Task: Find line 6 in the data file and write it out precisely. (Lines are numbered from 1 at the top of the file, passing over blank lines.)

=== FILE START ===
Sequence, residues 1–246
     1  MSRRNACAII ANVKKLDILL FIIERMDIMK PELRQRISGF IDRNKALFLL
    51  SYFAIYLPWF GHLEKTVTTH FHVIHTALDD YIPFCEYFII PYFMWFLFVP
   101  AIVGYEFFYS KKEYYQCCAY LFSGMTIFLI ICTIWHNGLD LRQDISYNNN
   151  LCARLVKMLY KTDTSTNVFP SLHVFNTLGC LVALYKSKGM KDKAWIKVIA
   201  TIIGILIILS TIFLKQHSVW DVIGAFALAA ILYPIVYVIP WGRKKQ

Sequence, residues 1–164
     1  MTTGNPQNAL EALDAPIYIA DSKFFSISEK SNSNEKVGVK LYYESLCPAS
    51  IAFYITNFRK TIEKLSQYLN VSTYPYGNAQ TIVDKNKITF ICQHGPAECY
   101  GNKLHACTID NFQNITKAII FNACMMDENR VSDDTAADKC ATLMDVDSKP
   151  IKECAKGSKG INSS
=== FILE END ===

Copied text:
   201  TIIGILIILS TIFLKQHSVW DVIGAFALAA ILYPIVYVIP WGRKKQ